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Navy football Coach Ken Niumatalolo's son also rises

By Alan Siegel
Special to The Washington Post
Tuesday, November 9, 2010; 12:01 AM

Navy football Coach Ken Niumatalolo is proud that his office in Annapolis is dotted with family photos. "My most important role is being a husband and a father," he said from his desk last month. "That's way more important than being a coach."

Sometimes, his paternal instincts and his professional philosophy collide, particularly when it comes to his 17-year-old son Va'a, a senior linebacker at Broadneck High in Annapolis.

"It's kind of funny," said Ken, whose Midshipmen are bowl-eligible for the third time in his three-season tenure, "because I'll see him hit somebody, then I'll see him help him up, and part of me's like, 'Don't help him up. This is football.' But that's just who he is."

Va'a smiled at that.

"Sometimes you just feel that respect for the other player," said Va'a, who will help lead Broadneck (8-2) into a first-round game at Old Mill (9-1) in the Maryland 4A East playoffs on Friday at 7 p.m. "But on the next play, you still try and crush him."

Spend a few minutes with Ken and Va'a and it becomes clear: Father and son are a lot alike. Both are thoughtful and earnest - neither curses, though "once in a while maybe the 'D' word," Va'a said - yet aggressive if the situation calls for it. Both are deeply committed to their Mormon faith and Polynesian heritage. And both have displayed an uncommon aptitude for football.

Take, for example, the play Va'a made against Annapolis on Oct. 8. Facing a fourth and two, the Panthers called a toss to Keith Collins. The speedy running back appeared headed for a first down when Broadneck linebacker Nick Ochoa noticed Va'a closing fast. "He just shot out," Ochoa said, and stopped Collins a yard short of the first down.

Said Broadneck defensive coordinator Rob Harris: "It was pretty sweet."

Family matters

Even in jeans and a baggy Navy sweatshirt, Va'a is physically imposing. The 6-foot-2, 230-pound teenager, who wears size 12 Nikes and squats 405 pounds, hasn't totally filled out. Harris likes to say that "some kids have their man look to them." Va'a isn't there yet, Harris said.

"I've pretty much put on 20 pounds each year, probably from my Polynesian genes," said Va'a, who made the varsity squad as a 175-pound freshman. His father, a three-year letterman at quarterback for Hawaii in the late 1980s, used to be able to out-lift Va'a. "He's a big dude, so when we used to do power cleans, he just used his upper body to lift what I was lifting, and I was like, 'Oh my gosh.' But then he stopped because he was going to throw out his back."

"In his legs and stuff, he's way stronger than me," said Ken, who's also 6-2. "It's hard for me to admit that."

Ken and Va'a are far from the only athletic members of the Niumatalolo family. Va'a's mother Barbara, who's 5-10, is a former swimmer. Ali'i, 12, is in seventh grade. He plays football and has hands the size of Va'a's. "He's going to be a monster," Va'a said. "He's 170, 180 with size 12 shoes." And Alexcia, 21, is a starting defender on Maryland's women's lacrosse team.

Va'a hopes to follow his older sister into the world of college athletics. Idaho State (which has already offered a scholarship) and Wyoming have shown the most interest, and Boise State, Utah State, Utah and BYU are also in the picture, but haven't offered.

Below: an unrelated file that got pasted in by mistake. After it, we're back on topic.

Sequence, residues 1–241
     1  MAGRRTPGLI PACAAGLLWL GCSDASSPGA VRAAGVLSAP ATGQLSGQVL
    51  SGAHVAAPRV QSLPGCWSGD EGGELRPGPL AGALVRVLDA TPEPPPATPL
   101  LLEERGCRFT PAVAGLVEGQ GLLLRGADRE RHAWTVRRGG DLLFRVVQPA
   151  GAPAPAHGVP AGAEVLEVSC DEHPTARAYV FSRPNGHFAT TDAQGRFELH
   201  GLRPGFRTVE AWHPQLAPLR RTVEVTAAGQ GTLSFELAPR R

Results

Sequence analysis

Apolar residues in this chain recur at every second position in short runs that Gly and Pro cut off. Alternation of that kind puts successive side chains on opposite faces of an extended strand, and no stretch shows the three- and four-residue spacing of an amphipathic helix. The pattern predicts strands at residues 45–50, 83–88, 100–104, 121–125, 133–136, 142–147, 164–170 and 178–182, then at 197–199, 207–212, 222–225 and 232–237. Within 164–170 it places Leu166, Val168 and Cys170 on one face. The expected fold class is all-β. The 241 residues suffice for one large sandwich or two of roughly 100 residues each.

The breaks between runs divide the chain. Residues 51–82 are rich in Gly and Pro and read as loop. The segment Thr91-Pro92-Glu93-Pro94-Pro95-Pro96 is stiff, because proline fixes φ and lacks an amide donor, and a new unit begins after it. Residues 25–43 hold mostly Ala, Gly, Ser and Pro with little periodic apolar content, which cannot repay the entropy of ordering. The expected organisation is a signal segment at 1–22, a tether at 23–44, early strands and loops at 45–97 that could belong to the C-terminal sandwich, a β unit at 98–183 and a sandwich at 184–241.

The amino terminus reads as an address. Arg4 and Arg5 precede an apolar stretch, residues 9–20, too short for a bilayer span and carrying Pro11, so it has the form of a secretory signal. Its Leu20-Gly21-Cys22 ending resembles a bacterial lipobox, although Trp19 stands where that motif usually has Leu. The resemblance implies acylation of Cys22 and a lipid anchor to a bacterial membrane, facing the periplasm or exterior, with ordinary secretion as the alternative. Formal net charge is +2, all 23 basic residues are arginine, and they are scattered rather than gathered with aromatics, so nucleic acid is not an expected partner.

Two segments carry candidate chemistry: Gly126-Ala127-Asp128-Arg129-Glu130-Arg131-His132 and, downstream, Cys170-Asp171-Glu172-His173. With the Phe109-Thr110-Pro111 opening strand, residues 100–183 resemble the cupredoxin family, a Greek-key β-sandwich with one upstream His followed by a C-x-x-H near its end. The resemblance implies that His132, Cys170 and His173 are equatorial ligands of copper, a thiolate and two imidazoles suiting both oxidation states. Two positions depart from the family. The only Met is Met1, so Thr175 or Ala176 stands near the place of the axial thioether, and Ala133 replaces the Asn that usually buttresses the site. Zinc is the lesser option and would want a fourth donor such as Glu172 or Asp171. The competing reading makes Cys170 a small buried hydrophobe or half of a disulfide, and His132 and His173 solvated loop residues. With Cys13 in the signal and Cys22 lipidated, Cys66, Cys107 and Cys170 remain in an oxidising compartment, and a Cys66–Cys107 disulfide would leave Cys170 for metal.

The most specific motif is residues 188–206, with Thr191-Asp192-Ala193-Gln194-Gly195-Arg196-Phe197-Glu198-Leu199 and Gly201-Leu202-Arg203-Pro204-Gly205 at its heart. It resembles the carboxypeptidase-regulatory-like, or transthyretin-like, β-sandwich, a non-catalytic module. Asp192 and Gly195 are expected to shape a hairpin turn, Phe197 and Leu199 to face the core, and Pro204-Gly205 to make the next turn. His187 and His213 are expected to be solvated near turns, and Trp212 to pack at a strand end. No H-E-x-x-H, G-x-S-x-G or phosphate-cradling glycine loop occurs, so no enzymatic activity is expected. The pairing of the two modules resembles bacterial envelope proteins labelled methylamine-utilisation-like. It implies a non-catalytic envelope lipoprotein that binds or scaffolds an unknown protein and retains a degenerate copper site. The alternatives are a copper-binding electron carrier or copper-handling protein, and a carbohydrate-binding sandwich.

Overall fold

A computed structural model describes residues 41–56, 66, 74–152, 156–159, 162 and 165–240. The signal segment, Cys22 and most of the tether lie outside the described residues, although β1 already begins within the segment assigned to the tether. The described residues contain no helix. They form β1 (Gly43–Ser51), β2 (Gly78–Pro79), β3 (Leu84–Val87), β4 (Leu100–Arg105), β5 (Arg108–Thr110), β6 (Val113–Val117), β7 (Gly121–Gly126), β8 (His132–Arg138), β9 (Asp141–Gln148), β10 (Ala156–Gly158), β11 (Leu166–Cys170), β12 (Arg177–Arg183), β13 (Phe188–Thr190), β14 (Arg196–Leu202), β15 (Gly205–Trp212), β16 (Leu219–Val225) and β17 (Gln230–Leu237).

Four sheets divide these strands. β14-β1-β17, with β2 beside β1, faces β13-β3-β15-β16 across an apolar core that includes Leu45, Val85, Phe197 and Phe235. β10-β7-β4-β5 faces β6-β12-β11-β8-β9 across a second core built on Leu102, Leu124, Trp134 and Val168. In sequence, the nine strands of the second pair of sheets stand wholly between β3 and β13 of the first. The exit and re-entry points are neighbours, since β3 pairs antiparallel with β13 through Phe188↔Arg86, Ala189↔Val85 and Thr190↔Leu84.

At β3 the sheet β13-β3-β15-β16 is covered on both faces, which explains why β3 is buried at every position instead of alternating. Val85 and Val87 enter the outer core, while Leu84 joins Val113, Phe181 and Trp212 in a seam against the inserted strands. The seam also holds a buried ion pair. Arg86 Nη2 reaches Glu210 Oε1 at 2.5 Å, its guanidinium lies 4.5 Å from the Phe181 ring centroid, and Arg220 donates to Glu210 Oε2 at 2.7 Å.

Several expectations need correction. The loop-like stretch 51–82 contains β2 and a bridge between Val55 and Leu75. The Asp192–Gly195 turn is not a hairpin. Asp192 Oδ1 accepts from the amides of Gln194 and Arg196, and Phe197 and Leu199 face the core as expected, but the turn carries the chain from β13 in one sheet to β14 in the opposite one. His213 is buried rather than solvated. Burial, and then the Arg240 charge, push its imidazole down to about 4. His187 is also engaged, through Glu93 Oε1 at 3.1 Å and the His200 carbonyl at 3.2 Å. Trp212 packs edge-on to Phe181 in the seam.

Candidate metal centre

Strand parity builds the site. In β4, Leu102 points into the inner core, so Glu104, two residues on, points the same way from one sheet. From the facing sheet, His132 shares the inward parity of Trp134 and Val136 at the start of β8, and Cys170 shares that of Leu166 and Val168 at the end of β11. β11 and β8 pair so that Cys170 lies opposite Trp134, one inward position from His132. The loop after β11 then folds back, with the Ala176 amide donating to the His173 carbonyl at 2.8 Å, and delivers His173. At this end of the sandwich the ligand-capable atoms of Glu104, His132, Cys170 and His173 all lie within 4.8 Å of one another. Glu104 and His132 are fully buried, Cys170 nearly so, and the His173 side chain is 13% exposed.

"I've always been honest with my son," said Ken, who has fielded questions from other coaches about whether Va'a was only interested in attending Navy. "And I've always told him that I'm not going to tell [him] that all these ACC schools are looking at you if they're not. . . . I think a lot of [coaches] assumed he was going to come here. I mean, this is an option, but he's open-minded. It's going to be his choice."

Father, son and football

Va'a plays one sport: football. When asked what drew him to the game, he answered simply. "Hitting," said Va'a, who moved from his native Hawaii to Maryland when his dad joined the Navy staff 15 years ago. "I guess it's in my blood."

His aggressive nature wasn't always apparent. When Va'a was about 10, a finger injury caused him to temporarily leave a Pop Warner game. Ken remembers telling him, "Either you get back in the game or I'm gonna make you be in the band or something."

"You know, my wife hates that example," Ken said, "because she's like, 'What's wrong with music? It'd be great if he played in the band.' "

(Barbara said she used to tell Ken that "if he wants to be put in a tutu and be a ballerina, you will be happy with it.")

Va'a went back in, and a few minutes later, apparently suffered a concussion. As a precaution, an ambulance was called. When the paramedics arrived, they asked Va'a how he was feeling. "Well," he said, "I got hurt earlier but my dad said if I come out again then I'm gonna have to quit."

"And I can see the people just look at me, 'Jeez what kind of dad are you?' " Ken said. "That was kind of eye-opening for me because I could tell when my son was younger I kind of lived through him for football."

Ken said he's "chilled out on that part" since then.

"Even though he says it's hard for him to control his emotions," said Va'a, who like Ken before him, will take time off from college - and football - to serve a Mormon mission, "he's actually pretty level-headed."

Ken's self-assessment was a bit harsher than that.

"On the field, I was always an animated person." Ken said, before complimenting Va'a. "He's a little more cerebral, a little more even-keeled. He's tackled running backs, and I've seen him lift them up. My son's a way better person than I am."

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